Mrs. Struthers throws Sunday parties to which she invites intellectuals and artists. These parties aren’t considered proper for members of high society to attend, and Mrs. Struthers is considered “common” because her husband made his money through the shoe polish industry. Ellen shows her lack of understanding of society’s rules by attending Mrs. Struthers’s parties for a taste of the artistic side of New York.
The timeline below shows where the character Mrs. Lemuel Struthers appears in The Age of Innocence. The colored dots and icons indicate which themes are associated with that appearance.
...see how they’ll deal with it. They begin by talking about the regrettable presence of Mrs. Struthers at the ball. They blame her invitation on Beaufort, whom Mrs. Archer has never trusted.... (full context)
...demands she clarify what she’s talking about, and Janey says that Ellen Olenska was at Mrs. Struthers ’s party the night before with the Duke and Mr. Beaufort. Archer is angry, but... (full context)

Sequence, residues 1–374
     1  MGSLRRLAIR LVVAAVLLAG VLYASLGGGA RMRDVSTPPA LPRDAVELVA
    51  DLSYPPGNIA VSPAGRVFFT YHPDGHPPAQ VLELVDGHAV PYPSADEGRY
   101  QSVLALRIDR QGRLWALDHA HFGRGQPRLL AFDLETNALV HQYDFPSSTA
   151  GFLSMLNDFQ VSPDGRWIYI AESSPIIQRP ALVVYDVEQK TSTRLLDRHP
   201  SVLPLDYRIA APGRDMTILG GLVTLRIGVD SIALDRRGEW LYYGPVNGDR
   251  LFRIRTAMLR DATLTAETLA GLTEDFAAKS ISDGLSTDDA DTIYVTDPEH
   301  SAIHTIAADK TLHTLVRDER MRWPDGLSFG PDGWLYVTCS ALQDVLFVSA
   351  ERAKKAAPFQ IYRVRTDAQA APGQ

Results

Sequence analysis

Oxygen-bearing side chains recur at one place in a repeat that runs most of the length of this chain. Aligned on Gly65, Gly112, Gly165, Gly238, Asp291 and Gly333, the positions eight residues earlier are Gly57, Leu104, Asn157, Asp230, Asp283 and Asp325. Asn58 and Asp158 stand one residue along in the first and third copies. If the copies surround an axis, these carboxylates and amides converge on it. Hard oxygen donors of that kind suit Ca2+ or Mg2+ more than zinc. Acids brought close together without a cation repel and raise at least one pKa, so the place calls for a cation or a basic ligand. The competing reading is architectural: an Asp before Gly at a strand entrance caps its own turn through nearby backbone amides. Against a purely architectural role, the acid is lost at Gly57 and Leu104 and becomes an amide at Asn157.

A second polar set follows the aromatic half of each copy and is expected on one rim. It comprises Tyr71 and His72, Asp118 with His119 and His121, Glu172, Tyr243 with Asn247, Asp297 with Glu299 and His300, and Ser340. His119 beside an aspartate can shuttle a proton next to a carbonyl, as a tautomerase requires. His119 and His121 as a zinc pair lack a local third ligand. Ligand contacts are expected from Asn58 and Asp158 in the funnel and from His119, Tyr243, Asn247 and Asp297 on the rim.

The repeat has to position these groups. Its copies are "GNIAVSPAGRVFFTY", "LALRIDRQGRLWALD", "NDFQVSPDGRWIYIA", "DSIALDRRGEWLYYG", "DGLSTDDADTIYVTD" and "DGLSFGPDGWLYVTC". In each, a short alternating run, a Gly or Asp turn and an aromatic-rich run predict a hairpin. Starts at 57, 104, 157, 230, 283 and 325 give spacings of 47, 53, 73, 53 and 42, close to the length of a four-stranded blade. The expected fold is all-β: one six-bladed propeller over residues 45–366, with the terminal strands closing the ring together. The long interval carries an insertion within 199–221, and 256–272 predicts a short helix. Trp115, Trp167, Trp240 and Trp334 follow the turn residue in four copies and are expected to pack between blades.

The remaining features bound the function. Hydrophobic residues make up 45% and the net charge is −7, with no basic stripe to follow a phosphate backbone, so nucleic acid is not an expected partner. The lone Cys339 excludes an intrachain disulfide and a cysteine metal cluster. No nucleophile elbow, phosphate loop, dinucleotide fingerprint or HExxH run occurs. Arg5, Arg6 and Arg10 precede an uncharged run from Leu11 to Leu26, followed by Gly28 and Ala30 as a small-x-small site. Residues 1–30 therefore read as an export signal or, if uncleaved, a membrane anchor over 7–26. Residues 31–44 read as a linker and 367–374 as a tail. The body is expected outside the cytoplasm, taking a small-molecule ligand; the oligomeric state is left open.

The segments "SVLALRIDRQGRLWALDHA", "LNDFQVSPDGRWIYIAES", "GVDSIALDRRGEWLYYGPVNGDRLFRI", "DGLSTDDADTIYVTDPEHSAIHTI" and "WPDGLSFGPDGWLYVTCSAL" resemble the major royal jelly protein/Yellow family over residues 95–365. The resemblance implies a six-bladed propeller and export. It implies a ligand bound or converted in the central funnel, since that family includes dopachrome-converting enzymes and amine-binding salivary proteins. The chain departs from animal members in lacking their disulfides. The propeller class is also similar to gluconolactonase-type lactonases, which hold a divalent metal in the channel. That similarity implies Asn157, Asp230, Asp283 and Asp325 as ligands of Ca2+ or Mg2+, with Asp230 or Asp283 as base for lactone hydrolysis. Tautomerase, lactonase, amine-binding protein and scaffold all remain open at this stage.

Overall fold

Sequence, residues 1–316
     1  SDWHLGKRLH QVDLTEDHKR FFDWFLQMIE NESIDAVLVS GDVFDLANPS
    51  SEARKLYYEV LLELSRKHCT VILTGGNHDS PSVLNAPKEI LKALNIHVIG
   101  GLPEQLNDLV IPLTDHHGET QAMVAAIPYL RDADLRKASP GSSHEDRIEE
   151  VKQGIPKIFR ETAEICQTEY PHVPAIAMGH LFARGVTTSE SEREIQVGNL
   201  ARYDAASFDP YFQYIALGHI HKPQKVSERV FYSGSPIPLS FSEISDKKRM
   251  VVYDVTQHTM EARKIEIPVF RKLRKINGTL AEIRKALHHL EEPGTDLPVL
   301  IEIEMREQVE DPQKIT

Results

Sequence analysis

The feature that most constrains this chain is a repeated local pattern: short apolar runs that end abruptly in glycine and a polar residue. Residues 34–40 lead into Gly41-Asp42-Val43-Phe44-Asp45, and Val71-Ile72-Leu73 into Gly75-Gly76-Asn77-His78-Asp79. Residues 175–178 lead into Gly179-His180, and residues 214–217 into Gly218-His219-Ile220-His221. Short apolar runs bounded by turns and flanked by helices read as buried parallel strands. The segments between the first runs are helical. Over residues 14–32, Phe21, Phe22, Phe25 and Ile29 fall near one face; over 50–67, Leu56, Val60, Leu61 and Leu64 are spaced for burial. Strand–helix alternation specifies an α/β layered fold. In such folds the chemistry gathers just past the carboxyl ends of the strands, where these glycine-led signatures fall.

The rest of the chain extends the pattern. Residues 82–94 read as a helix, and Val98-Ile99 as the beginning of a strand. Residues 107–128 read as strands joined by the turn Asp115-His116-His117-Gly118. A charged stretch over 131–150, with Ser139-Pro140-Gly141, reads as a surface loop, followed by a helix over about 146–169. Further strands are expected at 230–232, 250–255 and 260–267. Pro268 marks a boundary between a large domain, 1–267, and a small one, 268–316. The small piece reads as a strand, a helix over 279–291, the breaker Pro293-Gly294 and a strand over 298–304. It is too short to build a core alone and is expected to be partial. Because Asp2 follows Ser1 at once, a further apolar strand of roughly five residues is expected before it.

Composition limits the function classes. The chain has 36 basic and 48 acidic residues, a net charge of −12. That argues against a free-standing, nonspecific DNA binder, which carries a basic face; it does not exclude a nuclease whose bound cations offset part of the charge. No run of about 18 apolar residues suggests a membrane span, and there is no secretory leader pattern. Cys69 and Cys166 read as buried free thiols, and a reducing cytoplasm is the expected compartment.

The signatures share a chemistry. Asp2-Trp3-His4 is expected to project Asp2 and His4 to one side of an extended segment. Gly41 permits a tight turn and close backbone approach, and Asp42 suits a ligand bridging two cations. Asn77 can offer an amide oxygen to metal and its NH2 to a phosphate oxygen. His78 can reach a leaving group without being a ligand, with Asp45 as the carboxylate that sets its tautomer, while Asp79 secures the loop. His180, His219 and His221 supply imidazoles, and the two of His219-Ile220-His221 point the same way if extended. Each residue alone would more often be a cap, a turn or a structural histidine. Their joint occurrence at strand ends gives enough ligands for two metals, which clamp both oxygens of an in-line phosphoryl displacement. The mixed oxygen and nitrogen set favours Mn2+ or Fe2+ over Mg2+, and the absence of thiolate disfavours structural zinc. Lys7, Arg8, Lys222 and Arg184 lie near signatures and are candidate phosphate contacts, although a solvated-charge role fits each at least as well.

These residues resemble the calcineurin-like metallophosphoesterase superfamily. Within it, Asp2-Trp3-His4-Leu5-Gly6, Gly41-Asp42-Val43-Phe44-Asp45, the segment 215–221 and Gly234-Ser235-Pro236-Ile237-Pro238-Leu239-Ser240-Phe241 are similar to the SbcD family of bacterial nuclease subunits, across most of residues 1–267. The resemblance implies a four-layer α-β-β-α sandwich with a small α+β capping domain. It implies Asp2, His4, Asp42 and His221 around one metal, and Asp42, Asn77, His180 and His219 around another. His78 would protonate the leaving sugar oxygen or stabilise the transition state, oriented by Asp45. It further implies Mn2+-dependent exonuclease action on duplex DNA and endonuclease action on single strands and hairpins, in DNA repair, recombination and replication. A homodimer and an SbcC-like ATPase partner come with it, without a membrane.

...for the van der Luydens to be so offended by Ellen’s actions. Mrs. Archer thinks Mrs. Struthers ’s gatherings are scandalous because there’s smoking, champagne, and French music. Archer implies that New... (full context)
...different culture. However, Archer thinks it’s all the Duke’s fault, since he brought Ellen to Mrs. Struthers ’s. Mrs. Archer argues that the Duke is a stranger, whereas Ellen is really a... (full context)
...that they can’t expect Europeans to understand American rules, but the Duke took Ellen to Mrs. Struthers ’s. Since Mrs. van der Luyden was troubled, her husband decided to give Ellen the... (full context)
...to the box and sits down behind Ellen. Sillerton Jackson is telling Mrs. Beaufort about Mrs. Struthers ’s last party. Ellen quietly asks whether Archer thinks that the play character will send... (full context)
...says to come early, for she’s going out. He realizes she must be going to Mrs. Struthers ’s. He’s annoyed that she’ll probably see Beaufort there, and is probably going expressly to... (full context)
...seems to confirm Mrs. Archer’s sense of change. She remarks that May now goes to Mrs. Struthers ’s gatherings, but May says that everyone does. Archer thinks New York deals with change... (full context)